By: Piers Moore Ede
Once free of the urban sprawl of Beirut, the landscape quickly reverted to steep, terraced hillsides, and medieval villages scorched by a fierce sun. Aged men wheeled melon carts through the streets of Zahle and Baalbek; whole lamb carcasses hung from hooks in the open air. I was struck by the greenness of the almonds at the roadside stalls, the whiteness of the men’s robes against the cobalt sky. Reaching the Chamois valley, I had my papers checked briefly at a military checkpoint, before driving on into the increasingly empty expanses of Lebanon’s north-east, my destination for the next few days.
At around 2,000m, the burning heat of the lowlands was moderated to a distant memory. Arriving at the remote eco-tourism camp of Al Jord, I was awed by the wildness of this place, surrounded by verdant pastures and long sandy slopes studded with juniper trees, as well as by the ambition it must have taken to set up a project like this.
“It has taken a lot of patient talking with several tribes to make this happen,” one of the founders, Philippe, told me over coffee. “This is the traditional summer home of certain tribes, but the tribal boundaries do not begin and end with a line on a map. The land is divided by some particular landmark – a white rock here in the north, a gully in the south – and so for us to make this land protected has meant uniting some of these families, to assure that they would all benefit. Finally, it is working, and it has resulted in the first lodge of its type in the entire country. We employ eight people here, but indirectly that means 34 families have a means of survival.”
Al Jord is an eco-lodge in the best sense: using bio-agriculture and recycled water, employing local people, and offering accommodation in the form of traditional Bedouin tents made from woven goat and sheep hair. The tents are furnished simply, with comfortable beds, traditional lanterns, and a rammed earth floor. Meals are eaten in a large tent set out as a dining room, open at the front to reveal distant forests of cedars and fir and, in the foreground, an expanse of olive-green mountainside. For lunch I had a salad of wild herbs, garlic in oil, and a type of exceptionally spicy local radish. There was bulgur with parsley, potatoes with basil paste, hummus and hot flatbreads. Afterwards I lay in the afternoon sun, occasionally opening my eyes to notice a soaring raptor, two mules carrying firewood up to a nearby village, a tribesman bringing his goats down from the high pasture.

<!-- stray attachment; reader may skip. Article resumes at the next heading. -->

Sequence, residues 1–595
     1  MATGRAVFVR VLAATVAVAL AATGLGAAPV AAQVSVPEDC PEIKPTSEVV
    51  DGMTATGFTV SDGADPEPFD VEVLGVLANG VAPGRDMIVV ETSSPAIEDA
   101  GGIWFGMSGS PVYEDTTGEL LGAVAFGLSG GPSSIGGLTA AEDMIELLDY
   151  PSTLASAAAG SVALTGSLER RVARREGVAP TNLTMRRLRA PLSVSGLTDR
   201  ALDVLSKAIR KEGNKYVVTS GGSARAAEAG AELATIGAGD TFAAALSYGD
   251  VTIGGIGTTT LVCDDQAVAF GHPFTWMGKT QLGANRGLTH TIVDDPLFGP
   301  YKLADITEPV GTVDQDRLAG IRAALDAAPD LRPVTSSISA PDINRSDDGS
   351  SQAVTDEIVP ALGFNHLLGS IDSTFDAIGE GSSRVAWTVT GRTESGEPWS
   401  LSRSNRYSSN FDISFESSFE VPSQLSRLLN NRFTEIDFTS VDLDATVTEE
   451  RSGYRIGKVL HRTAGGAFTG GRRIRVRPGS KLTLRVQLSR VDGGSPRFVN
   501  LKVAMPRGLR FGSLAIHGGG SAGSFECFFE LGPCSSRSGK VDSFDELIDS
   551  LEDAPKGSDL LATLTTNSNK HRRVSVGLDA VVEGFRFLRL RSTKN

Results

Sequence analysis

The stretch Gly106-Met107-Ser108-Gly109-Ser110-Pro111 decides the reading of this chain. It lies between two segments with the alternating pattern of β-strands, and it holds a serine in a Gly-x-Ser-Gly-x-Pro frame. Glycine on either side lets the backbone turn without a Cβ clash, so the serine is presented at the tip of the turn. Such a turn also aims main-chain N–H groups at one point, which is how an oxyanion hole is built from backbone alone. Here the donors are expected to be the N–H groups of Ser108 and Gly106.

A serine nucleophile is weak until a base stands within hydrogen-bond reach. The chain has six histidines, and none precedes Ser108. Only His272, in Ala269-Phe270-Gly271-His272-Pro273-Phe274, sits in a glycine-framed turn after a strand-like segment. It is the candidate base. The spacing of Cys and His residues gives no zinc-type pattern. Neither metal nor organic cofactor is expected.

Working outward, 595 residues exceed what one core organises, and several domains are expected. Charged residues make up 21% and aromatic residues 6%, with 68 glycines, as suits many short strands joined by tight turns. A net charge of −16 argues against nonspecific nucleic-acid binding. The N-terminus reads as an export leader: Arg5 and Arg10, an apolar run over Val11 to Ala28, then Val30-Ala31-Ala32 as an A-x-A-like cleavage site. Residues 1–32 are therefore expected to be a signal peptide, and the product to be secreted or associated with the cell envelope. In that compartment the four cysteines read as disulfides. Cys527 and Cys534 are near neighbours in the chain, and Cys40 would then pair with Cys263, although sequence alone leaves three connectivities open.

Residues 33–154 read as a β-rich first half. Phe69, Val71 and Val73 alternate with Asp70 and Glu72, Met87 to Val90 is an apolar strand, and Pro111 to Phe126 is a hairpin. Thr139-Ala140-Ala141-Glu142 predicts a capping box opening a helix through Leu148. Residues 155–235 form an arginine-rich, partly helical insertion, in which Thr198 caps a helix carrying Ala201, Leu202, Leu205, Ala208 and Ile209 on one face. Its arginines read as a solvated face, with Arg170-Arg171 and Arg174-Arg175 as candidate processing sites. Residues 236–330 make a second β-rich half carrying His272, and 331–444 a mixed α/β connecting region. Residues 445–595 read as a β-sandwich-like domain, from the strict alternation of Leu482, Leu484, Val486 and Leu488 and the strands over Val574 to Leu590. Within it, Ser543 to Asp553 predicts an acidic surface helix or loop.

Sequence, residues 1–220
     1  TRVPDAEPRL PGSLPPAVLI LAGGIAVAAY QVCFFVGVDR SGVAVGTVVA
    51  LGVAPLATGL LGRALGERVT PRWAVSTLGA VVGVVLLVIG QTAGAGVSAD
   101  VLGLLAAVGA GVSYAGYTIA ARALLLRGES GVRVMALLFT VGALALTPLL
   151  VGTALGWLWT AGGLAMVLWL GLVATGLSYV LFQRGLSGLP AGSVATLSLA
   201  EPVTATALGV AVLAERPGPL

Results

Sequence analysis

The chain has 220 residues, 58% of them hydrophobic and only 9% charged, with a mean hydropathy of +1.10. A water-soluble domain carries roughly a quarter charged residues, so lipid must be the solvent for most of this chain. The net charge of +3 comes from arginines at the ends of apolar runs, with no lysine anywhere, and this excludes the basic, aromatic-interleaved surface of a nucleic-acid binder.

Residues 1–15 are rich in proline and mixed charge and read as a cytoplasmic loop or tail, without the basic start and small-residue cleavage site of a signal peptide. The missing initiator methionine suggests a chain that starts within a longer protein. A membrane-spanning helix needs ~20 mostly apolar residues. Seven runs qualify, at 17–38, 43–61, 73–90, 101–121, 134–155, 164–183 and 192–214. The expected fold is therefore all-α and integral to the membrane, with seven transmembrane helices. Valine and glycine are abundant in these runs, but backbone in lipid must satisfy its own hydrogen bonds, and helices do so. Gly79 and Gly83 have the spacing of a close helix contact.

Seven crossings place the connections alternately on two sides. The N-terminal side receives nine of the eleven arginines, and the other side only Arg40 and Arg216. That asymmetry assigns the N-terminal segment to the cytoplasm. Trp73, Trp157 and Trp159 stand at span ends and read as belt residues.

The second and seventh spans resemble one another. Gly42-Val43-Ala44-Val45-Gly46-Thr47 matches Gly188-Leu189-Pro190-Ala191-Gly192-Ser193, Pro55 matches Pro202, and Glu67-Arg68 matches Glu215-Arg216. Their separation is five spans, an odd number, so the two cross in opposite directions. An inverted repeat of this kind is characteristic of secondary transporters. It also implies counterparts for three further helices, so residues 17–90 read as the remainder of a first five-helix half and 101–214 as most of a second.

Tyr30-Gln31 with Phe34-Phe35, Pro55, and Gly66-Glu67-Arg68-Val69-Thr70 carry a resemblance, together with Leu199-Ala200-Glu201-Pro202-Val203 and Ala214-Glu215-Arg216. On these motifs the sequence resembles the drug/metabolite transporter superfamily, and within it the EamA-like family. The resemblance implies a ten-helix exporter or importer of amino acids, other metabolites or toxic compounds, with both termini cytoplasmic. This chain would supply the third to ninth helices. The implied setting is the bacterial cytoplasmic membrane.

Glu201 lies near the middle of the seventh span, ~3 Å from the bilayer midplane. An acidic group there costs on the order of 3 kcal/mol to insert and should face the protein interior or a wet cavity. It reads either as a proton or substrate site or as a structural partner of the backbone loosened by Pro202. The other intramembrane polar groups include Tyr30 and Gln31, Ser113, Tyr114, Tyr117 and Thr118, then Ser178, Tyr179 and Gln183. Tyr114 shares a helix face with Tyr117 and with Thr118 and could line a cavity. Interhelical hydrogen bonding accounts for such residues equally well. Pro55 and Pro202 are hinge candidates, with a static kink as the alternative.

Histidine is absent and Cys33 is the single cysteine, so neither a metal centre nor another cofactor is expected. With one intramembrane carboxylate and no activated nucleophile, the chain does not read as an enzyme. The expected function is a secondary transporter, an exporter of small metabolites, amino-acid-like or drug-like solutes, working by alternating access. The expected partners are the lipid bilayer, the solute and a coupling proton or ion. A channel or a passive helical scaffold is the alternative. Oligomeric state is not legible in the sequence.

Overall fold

It is just a few hours’ drive from Beirut but the lodge offers a chance to see a different Lebanon, one untouched by war or development. The people, too, have a special quality: the gentle gruffness of mountain dwellers.
“They’re really not even that concerned with being Lebanese,” Philippe told me. “They belong to their tribe and beyond that the land itself.”
As the twilight grew closer, I volunteered to help with the evening’s principal foraging mission, which involved going higher into the mountains to collect ice for our drinks. The jeep whined as we ventured up steep inclines, then slowed to a crawl as the edge fell away against a 70m drop. We parked at the base of a snow-field and hiked up on to its back with shovels. After we had all had a go at sliding down it on a plastic bag a few times for fun, I got to work hacking pristine chunks from its surface. We carried them carefully to the car like miners returning with a haul of gold, then drove back to Al Jord to toast our success with some locally brewed arak, topped off with freshly shaved chunks of glacier.
• Al Jord (+961 345 8702) in Bekaa, Hermel, has accommodation for up to 100 people in cotton or goat hair tents that sleep up to 10, from $10pp a night. The lodge can also arrange trekking, biking and donkey rides.
Other eco-lodges in the Hermel area include Al Kwakh and Lazzab. Contact Hostels Lebanon (+961 963 8128) for more options. BMI flies to Beirut.